Purpose: To compare the Combifix® immobilization device with a conventional double-leg cushion in terms of patient comfort, therapist feedback and systematic/random error outcomes.
Materials and Methods: This prospective block-randomised crossover study enrolled 18 high-risk prostate cancer patients who received whole pelvic plus prostate radiotherapy. Treatment consisted of a prostate boost with one immobilization device followed by whole pelvic radiation using the other device. Our primary endpoints were device ease-of-use and patient comfort. Secondary endpoints included treatment time and systematic/random error assessments.
Results: While our patients found both devices equally comfortable and easy to use, the therapists preferred the leg cushion for ease of set-up (p = 0.04). Patient treatment time was similar for the two devices. In terms of electronic portal imaging (EPID)-based isocentre shifts, statistically, but not clinically, significant differences in systematic and random errors between the two devices exist in the superior–inferior directions (p ≤ 0.05).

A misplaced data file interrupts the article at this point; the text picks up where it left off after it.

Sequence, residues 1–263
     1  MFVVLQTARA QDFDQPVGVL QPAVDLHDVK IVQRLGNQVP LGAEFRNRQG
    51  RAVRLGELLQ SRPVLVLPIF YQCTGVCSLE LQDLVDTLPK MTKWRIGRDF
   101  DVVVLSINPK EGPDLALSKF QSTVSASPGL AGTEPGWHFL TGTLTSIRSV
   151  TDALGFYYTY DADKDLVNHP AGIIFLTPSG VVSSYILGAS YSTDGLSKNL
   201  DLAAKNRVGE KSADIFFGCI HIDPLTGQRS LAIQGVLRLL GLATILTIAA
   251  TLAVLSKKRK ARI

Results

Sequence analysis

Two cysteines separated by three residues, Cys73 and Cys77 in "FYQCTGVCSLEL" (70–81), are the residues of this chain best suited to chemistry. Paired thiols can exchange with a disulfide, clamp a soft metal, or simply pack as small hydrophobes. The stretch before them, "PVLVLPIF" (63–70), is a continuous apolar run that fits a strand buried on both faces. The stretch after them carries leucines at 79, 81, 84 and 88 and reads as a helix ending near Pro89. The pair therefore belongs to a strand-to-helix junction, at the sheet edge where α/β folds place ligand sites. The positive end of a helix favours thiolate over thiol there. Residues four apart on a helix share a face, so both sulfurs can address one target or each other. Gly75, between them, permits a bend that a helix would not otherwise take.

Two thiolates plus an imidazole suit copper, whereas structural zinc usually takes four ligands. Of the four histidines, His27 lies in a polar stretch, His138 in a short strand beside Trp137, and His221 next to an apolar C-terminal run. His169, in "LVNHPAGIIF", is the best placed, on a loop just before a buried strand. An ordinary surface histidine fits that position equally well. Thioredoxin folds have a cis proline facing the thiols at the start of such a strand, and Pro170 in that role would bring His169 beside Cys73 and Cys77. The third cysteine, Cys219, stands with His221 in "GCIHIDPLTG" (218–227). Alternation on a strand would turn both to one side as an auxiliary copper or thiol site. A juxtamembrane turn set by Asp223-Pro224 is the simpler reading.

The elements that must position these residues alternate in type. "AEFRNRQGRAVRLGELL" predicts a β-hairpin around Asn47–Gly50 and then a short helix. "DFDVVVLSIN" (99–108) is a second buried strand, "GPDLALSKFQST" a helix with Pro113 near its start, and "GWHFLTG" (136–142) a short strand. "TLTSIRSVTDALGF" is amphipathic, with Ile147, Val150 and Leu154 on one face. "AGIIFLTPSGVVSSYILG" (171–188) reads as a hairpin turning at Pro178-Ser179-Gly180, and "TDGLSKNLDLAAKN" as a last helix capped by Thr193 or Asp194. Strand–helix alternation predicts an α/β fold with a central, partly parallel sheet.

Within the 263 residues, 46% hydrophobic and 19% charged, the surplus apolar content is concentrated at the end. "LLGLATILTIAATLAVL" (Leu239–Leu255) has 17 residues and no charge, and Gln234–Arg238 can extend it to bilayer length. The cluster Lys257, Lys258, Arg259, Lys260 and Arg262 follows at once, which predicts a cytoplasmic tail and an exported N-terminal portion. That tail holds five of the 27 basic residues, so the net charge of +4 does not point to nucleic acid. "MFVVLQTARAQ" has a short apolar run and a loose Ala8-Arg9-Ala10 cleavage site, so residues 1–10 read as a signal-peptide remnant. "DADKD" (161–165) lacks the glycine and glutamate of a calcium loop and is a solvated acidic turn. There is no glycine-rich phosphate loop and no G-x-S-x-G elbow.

Conclusions: No clinically important advantage was seen with the Combifix® device versus our standard double-leg cushion in terms of patient/therapist preference, patient comfort, and bony pelvic immobilization. However, this research project confirmed the feasibility of mounting a small single-institution randomised crossover technology assessment related to a practical radiotherapy issue.